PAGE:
Presidential Executive Orders, judicial rulings, American ambassadors to foreign nations, local, state, & national law enforcement agencies while executing search warrants all face some sort of the same question while carrying out their duty: By what authority do you do what you’re doing & say what you’re saying? Who gave you this authority?
At the root of this question, and questions like them, is the underlying presupposition that there is some level of self-sovereignty and dignity that may have been violated. Take for example: If the police enter your home, restrain you, confiscate your personal property, and cause harm to your self or your property and they have no reasonable cause and are not acting on the authority given to them by the courts, your rights as an American citizen more than likely have been violated.
Similarly, when we cross over into the realm of faith and practice, this question (and questions like these) rises in our hearts when the Lord, the Word, and the Lord’s Messengers cross over into what is perceived as our “personal space.” By what authority does one cross the threshold of personal autonomy?
Jesus faced this question in Luke 20:2 coming from the religious leaders of His day. To be sure, Jesus had been publicly lauded as the King of the Jews who came in the Name of YHWH, had acted as Israel’s/Jerusalem’s Prophet of YHWH when He prophesied the impending doom that was sure to visit Israel & the Temple in 70AD, and as the Priest of Heaven purged the Temple of idolatry and “for profit” ministry by flipping tables, driving the money-changers out, and re-establishing true worship that centered on Him (Luke 19:28-20:1).
Understandably so, the religious leaders of the day demanded to know “by what authority you do these things, or who gave you this authority” (Luke 20:2).
The following parable (Luke 20:9-18) describes, again, Jesus’ authority is derived from his Divine Essence—this was not new news for the chief priests, scribes, and elders and was clearly visible from His words and His works (John 10:38).
I’ll leave the parable to you but I’d like to place before you, reader, the same question concerning your worship, your current trajectory in life, your marriage, and your family life: By what authority are you doing what you’re doing and saying what you’re saying? Let me explain.
As the people of God, we live our lives as ambassadors of another kingdom; namely, the Kingdom of God (see 2 Corinthians 5:20). Yet, I find in my own life I often find that it is not the Kingdom of God that first comes into my thought process behind the decisions I make and the life I live, but my own kingdom and my own interests.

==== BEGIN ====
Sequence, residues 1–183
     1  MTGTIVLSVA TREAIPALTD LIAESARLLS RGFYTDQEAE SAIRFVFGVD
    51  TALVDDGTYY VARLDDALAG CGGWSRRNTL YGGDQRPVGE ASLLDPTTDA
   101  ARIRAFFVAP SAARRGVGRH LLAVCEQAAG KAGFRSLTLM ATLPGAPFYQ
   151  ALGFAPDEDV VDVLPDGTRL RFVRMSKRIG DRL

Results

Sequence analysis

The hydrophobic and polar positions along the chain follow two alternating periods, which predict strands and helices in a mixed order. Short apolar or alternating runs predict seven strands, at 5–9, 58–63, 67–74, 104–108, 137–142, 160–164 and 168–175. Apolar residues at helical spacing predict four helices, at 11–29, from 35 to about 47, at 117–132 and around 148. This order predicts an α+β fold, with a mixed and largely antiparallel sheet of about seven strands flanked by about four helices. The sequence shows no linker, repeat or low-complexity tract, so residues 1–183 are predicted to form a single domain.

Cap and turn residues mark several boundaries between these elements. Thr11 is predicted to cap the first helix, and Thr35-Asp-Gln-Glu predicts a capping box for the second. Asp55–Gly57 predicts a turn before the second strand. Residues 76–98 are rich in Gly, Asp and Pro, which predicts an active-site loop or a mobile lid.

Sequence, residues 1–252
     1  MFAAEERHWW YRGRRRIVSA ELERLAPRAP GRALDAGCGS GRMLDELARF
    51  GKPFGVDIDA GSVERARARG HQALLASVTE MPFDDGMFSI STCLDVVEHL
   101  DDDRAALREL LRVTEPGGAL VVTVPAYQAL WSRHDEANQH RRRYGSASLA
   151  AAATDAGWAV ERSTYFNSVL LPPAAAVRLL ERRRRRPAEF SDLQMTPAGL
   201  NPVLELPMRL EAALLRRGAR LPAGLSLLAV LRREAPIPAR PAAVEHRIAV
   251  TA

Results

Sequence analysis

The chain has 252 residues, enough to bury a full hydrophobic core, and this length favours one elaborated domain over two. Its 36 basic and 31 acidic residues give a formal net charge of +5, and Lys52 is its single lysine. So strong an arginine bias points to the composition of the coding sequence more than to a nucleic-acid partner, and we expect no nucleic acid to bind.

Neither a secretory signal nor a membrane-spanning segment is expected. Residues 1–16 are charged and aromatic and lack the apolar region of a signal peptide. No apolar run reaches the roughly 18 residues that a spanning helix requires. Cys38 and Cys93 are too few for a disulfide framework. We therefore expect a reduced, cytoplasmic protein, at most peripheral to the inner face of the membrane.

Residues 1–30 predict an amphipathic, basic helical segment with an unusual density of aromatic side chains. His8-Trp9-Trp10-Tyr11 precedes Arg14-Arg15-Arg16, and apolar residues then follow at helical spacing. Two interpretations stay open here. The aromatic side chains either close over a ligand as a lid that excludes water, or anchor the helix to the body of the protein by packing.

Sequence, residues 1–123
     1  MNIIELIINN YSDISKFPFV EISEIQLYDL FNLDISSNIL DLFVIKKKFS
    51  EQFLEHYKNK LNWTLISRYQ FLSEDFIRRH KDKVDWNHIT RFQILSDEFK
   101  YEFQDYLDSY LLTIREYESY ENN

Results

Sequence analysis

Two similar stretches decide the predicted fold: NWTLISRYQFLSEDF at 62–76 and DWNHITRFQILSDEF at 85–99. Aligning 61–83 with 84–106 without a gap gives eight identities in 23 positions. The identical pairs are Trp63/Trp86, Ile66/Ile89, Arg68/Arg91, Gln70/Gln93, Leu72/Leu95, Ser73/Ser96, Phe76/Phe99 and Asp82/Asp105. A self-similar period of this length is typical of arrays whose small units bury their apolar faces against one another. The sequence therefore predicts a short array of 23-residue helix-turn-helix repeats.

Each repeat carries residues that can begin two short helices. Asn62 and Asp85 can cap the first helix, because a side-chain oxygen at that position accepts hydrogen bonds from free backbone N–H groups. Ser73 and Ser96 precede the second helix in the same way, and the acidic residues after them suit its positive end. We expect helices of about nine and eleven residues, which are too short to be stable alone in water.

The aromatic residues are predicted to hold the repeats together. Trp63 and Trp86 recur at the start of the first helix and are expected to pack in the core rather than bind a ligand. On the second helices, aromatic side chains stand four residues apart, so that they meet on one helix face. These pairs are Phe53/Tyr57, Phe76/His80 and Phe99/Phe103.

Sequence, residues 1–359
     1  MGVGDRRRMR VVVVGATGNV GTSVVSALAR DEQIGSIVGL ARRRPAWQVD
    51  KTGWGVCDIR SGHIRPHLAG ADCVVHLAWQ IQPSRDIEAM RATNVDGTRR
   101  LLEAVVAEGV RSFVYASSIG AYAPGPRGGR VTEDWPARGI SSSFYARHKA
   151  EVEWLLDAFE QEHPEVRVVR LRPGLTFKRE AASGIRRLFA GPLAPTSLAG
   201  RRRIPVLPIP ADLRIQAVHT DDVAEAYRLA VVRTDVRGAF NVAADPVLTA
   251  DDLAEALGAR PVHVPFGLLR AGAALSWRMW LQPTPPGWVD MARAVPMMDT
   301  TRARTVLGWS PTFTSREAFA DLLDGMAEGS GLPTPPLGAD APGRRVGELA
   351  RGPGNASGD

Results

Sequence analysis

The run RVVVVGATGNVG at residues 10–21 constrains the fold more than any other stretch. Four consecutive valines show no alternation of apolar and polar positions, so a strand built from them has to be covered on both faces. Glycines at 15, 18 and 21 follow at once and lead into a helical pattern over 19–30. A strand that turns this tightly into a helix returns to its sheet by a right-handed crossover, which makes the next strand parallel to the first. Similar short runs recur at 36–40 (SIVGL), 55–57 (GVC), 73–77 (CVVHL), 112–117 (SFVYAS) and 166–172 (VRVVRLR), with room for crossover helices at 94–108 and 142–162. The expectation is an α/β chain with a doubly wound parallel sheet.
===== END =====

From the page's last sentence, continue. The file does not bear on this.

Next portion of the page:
Granted, I desire something different. I work toward “transformation by the renewal of my mind” (Rom. 12:2). But yet, I (and I believe many like me) find the raging battle between flesh and spirit (Romans 7) a reality in (1) daily thoughts: what I believe about life around me; (2) daily speech: what and how I communicate; and (3) daily decisions: the mundane and significant that have future implications. By what authority am I thinking, speaking, and acting? Is God’s Word, which is God’s thoughts communicated to God’s people, the definitive Word in my life? Said in another way, “Am I filtering all of life through the lens of God’s Word, his revealed will, or am I honoring the Lord with my lips but my heart is far from Him?” After all, doesn’t Peter remind his readers (and that by the inspiration of the Holy Spirit) that God has given us “everything we need for life and godliness through the knowledge of Him who called us to His own glory and excellence” (2 Peter 1:3)?
A simple—By what authority am I _________________?—would transform my day, my family’s day, and the future of those entrusted to me.
As ambassadors of Christ, our thoughts, speech, and actions are to be shaped by God’s Design and submitted under Christ’s Dominion, advancing Christ’s Kingdom. Now, I have a difficult time, daily, applying this principle in my moment-to-moment routine so I will not attempt to apply it to yours but I encourage you to ask yourself this simple, yet probing and profound, question as you ponder how to honor our Lord as you submit yourself under His light and gentle yoke.
No doubt, that as Christ’s audience took offense at His obedience (both vocal and active) to the will of God, you will find those in the world and Church offended, but I encourage you, as the apostles of the first century Church to “obey God rather than man” (Acts 5:29) and trust Him with your blessing as you submit to His authority; even the blessings that come through trials.
After all, let us not forget that following our Lord is not a burden, drudgery, or a drag. Rather, “in His presence is the fullness of joy and at His right hand pleasures forevermore” (Psalm 16:11).
Soli Deo Gloria